Lydia Jones, an 18-year-old tech entrepreneur in England, experienced it early in her career and decided to speak out. It started when she reached out to Vishal Morjaria, another tech entrepreneur, for advice on meeting startup mentors in London. Her startup Trooops is based in the north of England, and she said she was having a hard time finding connections and funding in that region.
But the conversation quickly got creepy. First, he asked her if she was single, when she was clearly looking for career advice and not to have a personal conversation. When she plainly said "No," he kept going. Eventually finding out that she's a lesbian, he responded, "Oh that's cute!!" (um, okay), and kept prying with questions like, "So men don't turn you on at all?"
When Mashable reached out to him, he used the fact that she said she was open about her sexuality as an excuse to continue harassing her, completely missing the point. Just because she said "Yeah" with a smiley face when he asked her if she was "open" — whether or not she was being honest or just trying to get him off her case — doesn't mean he had an invitation to continue his clearly unwanted advances.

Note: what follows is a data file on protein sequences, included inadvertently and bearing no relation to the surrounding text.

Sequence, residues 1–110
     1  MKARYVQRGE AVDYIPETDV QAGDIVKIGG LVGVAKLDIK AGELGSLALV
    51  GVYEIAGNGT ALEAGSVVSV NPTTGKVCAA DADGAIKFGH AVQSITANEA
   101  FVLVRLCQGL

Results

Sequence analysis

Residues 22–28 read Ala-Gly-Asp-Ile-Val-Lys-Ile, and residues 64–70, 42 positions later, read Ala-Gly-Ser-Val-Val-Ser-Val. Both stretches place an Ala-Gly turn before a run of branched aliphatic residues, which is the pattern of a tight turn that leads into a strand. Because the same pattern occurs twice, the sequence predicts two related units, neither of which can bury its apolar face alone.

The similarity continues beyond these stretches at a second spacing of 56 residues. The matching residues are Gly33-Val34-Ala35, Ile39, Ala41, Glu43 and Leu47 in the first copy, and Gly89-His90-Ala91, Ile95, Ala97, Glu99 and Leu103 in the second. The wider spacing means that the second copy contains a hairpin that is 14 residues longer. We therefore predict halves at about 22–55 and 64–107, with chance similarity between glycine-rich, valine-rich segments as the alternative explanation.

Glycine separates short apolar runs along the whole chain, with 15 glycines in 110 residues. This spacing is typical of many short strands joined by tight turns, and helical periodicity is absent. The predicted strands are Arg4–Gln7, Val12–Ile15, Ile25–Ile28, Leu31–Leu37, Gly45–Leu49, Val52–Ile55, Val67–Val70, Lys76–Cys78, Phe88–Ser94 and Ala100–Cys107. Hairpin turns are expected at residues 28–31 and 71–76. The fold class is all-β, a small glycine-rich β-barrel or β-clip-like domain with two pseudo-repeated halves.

"In the end I didn't say much else because I found out that it wasn't appropriate to ask her even though she said she was open," he said. "I understand how the digital and text word can be misunderstood but if this was said in person it wouldn't have been a big deal."
He added: "If you heard me talking in person you'd know I'm a nice person and I'm a very open conversationalist."
Nice try, but there's no ambiguity in those texts. They're inappropriate in a work context — on or offline — which is clearly how she approached the conversation. They also betray a larger problem about the tech industry.
"In my opinion, this vibe won’t really change until we have a female founder or CEO of a platform on the same scale as a Airbnb or Twitter," Jones told Mashable. "But it should not have to be that way for women to be heard."